Salivary glandtype carcinomas

J.W. Eveson

Fig. 1.16 Adenoid cystic carcinoma. A CT scan shows a nasal sinus mass focally extending into the bone. B The tumour (T) is inhomogenous and extends from the maxillary sinus into the infratemporal (black arrowhead) and the pterygopalatine fossa (black arrow). Perineural spread follows the Vidian cana (white arrowhead).

Fig. 1.16 Adenoid cystic carcinoma. A CT scan shows a nasal sinus mass focally extending into the bone. B The tumour (T) is inhomogenous and extends from the maxillary sinus into the infratemporal (black arrowhead) and the pterygopalatine fossa (black arrow). Perineural spread follows the Vidian cana (white arrowhead).

Salivary gland neoplasms of the sinonasal tract are uncommon, and the majority are malignant {1039}. For details see Chapter 5 on tumours of salivary glands.

ICD-O codes

Adenoid cystic carcinoma 8200/3 Acinic cell carcinoma 8550/3 Mucoepidermoid carcinoma

8430/3

Epithelial-myoepithelial carcinoma 8562/3

Clear cell carcinoma 8310/3

Adenoid cystic carcinoma

Adenoid cystic carcinoma is the most frequent malignant salivary gland-type tumour of the sinonasal tract. The age range is from 11-92 years {1039}. The majority develop in the maxillary sinus (about 60%) and nasal cavity (about 25%) {130}. The disease is often insidious, and symptoms include nasal obstruction, epistaxis, and pain, paraes-thesia or anaesthesia. Swelling of the palate or face, and loosening of the teeth may be the presenting symptom. Many tumours are large and extensively infiltrative at the time of diagnosis. These tumours can be difficult to detect on plain film radiographs and often extend widely through bone before there is radiograph-ical evidence of osseous destruction. In addition, the true extent of tumour spread is often underestimated by imaging techniques. The long-term prognosis is poor and the 10-year survival rate is only 7% {2444}. Most patients die as a result of local spread rather than metastatic disease {2799}.

Acinic cell carcinoma

Acinic cell carcinoma is rare in the sinonasal tract and cases have been reported in the nasal cavity {996,1950, 2014,2244,2698} and maxillary sinuses {829,2860}. The signs and symptoms are non-specific but they include nasal obstruction and epiphora.

Mucoepidermoid carcinoma

Mucoepidermoid carcinomas are rare at this site, and should be distinguished from the more aggressive variants of squamous cell carcinoma, especially adenosquamous carcinoma {1039, 1291,2588}.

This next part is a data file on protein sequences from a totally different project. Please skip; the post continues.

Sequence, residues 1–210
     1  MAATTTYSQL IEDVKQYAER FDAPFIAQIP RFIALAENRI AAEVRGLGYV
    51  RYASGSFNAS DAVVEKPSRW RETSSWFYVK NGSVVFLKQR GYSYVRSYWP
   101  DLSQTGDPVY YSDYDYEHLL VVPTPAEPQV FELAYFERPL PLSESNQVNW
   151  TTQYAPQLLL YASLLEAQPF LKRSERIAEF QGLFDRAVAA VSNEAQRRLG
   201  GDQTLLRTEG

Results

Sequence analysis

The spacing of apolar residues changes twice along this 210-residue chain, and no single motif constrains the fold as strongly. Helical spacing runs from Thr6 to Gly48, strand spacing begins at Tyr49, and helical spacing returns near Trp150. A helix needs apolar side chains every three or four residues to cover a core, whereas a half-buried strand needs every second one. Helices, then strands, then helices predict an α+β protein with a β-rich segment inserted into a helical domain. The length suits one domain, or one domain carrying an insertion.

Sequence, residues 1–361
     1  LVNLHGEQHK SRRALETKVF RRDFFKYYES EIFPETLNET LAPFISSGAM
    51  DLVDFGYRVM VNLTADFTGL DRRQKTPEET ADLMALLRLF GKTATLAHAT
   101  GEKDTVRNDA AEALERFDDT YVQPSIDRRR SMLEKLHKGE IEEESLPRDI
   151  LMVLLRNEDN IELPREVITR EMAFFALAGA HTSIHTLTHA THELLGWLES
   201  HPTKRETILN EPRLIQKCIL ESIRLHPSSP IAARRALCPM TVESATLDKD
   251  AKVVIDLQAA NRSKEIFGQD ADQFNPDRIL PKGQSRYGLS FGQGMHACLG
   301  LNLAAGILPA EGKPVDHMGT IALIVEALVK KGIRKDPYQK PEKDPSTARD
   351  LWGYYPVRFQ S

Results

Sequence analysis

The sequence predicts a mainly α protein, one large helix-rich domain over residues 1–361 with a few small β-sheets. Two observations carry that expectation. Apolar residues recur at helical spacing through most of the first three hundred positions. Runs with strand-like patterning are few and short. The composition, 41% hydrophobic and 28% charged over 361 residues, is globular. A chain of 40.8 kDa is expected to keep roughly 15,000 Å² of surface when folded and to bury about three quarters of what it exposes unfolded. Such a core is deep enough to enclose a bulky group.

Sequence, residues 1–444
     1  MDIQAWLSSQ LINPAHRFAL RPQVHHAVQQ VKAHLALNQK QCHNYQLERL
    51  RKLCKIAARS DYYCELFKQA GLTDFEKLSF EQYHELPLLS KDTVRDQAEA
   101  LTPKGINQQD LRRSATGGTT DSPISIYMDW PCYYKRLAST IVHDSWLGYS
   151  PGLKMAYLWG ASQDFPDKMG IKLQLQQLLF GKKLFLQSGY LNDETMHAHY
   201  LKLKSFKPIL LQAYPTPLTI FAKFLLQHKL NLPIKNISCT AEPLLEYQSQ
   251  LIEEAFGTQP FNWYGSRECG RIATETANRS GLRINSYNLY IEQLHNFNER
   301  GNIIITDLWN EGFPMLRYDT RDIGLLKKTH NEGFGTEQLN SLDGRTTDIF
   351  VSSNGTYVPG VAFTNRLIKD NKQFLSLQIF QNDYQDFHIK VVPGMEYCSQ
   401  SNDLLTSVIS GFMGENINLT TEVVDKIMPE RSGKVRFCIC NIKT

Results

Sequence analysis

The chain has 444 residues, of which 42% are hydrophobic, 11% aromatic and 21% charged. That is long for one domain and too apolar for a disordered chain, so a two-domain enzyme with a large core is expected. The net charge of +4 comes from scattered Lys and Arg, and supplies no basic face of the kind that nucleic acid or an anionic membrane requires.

Epithelial-myoepithelial carcinoma

Epithelial-myoepithelial carcinoma is rare in the sinonasal tract. Cases have been reported to involve the nasal septum, nasal cavity and maxillary sinus {1011,1221,1450,2506}. Signs and symptoms are non-specific but have

Fig. 1.17 Adenoid cystic carcinoma of nasal cavity. A Solid as well as tubular growth patterns are seen. B An intact surface mucosa overlying the cribriform and cystic patterns of a sinonasal adenoid cystic carcinoma. C A high power illustrating the relatively bland nuclear appearance with an intermediate to high nuclear to cytoplasmic ratio. Palisading is noted, along with small gland or tubule formation, in addition to the larger cyst-like spaces.

Fig. 1.17 Adenoid cystic carcinoma of nasal cavity. A Solid as well as tubular growth patterns are seen. B An intact surface mucosa overlying the cribriform and cystic patterns of a sinonasal adenoid cystic carcinoma. C A high power illustrating the relatively bland nuclear appearance with an intermediate to high nuclear to cytoplasmic ratio. Palisading is noted, along with small gland or tubule formation, in addition to the larger cyst-like spaces.

Fig. 1.18 Clear cell carcinoma.

Fig. 1.19 Mucoepidermoid carcinoma. A low grade mucoepidermoid carcinoma has variable sized mucus filled cystic spaces lined by mucocytes and intermediate cells.

included the formation of polypoid masses and nasal obstruction.

Clear cell carcinoma

Clear cell carcinoma, N.O.S., of the sinonasal tract is rare {1757,1874} and it is important to exclude metastatic renal clear cell carcinoma {1664,2918}. Microscopically, these tumours consist of closely packed, polygonal clear cells arranged in sheets and theques. They contain glycogen but no mucin.

Other tumours

A variety of other salivary gland-type carcinomas have been rarely reported in the nasal cavity and paranasal sinuses. These include: malignant myoepithe-lioma {2918}, carcinoma ex pleomorphic adenoma {435}, polymorphous low-grade adenocarcinoma {1536} and basal cell adenocarcinoma {785}.

Fig. 1.20 Mucoepidermoid carcinoma. Solid epithelial growth pattern with occasional mucocytes (left); predominant cystic pattern with numerous mucocytes and a few intermediate cells (right).

Table 1.2 Sinonasal glandular tumours*

Fig. 1.21 Mucoepidermoid carcinoma. The mucin production (left) can be accentuated with a muci-carmine stain where both the intracytoplasmic and extracellular mucin is highlighted (right)

Table 1.2 Sinonasal glandular tumours*

Tumour types

No of cases

Percentage

Pleomorphic adenoma

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